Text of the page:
Paddling has always been in Murray’s blood. His father, Robbie, was one of the top sprint, slalom and surf paddlers in South Africa during the 1970s and 80s. Robbie’s Olympic dream was denied due to the ban on South African athletes competing. The dream never died in the Stewart house.
Murray was a talented junior on the surf ski, bagging national medals whilst excelling in his high school exams. He didn’t start kayaking until mid-2005 – chasing his mates around Manly Dam to help their surf ski paddling. His first ski coach, Tony Vieceli, is still one of Murray’s biggest supporters and mentors. In the middle of an impressive first year out of juniors, Murray contracted glandular fever and was out of the boat for a summer. During that hiatus, Murray switched his university degree – staying at Sydney Uni, but committing to another 5 years of study to follow in his mother’s footsteps as an architect.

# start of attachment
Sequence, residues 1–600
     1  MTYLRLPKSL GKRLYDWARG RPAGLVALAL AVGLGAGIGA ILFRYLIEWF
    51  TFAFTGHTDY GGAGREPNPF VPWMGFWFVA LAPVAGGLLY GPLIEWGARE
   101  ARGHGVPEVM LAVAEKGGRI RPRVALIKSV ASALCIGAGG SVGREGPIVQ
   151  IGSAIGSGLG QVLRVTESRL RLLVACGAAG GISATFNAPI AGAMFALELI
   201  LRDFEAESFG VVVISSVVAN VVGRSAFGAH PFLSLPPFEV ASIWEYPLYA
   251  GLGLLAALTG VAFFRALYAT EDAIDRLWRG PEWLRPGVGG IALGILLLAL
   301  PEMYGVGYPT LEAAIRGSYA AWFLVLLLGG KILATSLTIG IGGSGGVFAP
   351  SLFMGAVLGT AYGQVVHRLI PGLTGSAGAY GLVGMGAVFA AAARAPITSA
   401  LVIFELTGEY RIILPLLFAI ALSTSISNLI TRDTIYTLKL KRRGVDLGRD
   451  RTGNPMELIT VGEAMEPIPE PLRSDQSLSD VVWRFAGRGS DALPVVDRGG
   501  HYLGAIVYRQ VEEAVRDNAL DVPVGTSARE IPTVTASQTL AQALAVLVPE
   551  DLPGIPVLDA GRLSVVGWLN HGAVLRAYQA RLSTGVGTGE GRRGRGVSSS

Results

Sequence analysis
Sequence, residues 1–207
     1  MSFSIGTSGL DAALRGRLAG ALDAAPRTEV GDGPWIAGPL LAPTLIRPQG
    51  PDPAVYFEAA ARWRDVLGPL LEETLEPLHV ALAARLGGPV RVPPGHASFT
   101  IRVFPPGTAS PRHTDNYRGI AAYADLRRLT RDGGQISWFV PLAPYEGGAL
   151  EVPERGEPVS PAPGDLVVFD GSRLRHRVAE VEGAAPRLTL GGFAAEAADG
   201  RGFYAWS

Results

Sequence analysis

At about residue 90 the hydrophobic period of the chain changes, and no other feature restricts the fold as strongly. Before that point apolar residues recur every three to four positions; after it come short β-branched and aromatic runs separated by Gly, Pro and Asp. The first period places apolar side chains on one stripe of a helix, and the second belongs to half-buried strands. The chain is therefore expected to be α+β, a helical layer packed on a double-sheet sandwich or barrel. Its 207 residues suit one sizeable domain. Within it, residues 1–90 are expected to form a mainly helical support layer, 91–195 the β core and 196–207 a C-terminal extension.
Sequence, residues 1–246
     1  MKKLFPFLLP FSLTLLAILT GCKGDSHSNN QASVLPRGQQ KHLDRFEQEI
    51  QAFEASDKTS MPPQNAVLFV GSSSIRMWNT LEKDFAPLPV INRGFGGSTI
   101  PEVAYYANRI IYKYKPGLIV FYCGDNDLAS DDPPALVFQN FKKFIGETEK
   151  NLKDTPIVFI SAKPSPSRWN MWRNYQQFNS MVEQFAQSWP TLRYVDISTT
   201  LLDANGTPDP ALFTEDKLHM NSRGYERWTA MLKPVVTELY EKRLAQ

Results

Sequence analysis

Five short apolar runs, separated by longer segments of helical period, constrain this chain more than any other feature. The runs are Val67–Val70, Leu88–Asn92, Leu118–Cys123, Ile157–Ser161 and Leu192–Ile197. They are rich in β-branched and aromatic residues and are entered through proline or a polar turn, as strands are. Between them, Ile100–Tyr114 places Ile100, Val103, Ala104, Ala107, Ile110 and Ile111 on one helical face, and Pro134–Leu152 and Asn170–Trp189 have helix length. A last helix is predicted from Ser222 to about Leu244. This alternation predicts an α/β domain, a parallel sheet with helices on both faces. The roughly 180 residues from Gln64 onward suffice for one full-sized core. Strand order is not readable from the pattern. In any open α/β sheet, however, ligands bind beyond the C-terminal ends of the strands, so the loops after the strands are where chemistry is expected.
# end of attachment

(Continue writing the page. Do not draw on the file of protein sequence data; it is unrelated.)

In late 2006, fully recovered from his illness, Murray joined MWKC and gained his first national selection (in the u23 team) just months later. His first international tour saw him winning the u23 K1 1,000m in Bochum, Germany. He still wasn’t the biggest athlete in the water – in Bochum the Bellarussian paddler who came 3rd stood taller than Murray from the bottom step of the podium – but “Little Muzz” had started to grow, and the Australian paddling community had started to take notice. Unfortunately, any dreams that Murray had of Olympic selection for Beijing were halted in mid-2007. He was in South Africa for the ocean racing world champs, but collapsed from stomach pains the night before the event. He still raced – he didn’t go halfway across the world to pull out – but when he got back to Australia, doctors realized that his appendix had burst and created all sorts of surgical complications. Murray was in hospital for his 21st birthday and, after an agonizing few months of recovery, eventually got back in the boat. His progress was halted again when he fractured a spinal process – one of the little wing-like bones that poke out from your vertebrae.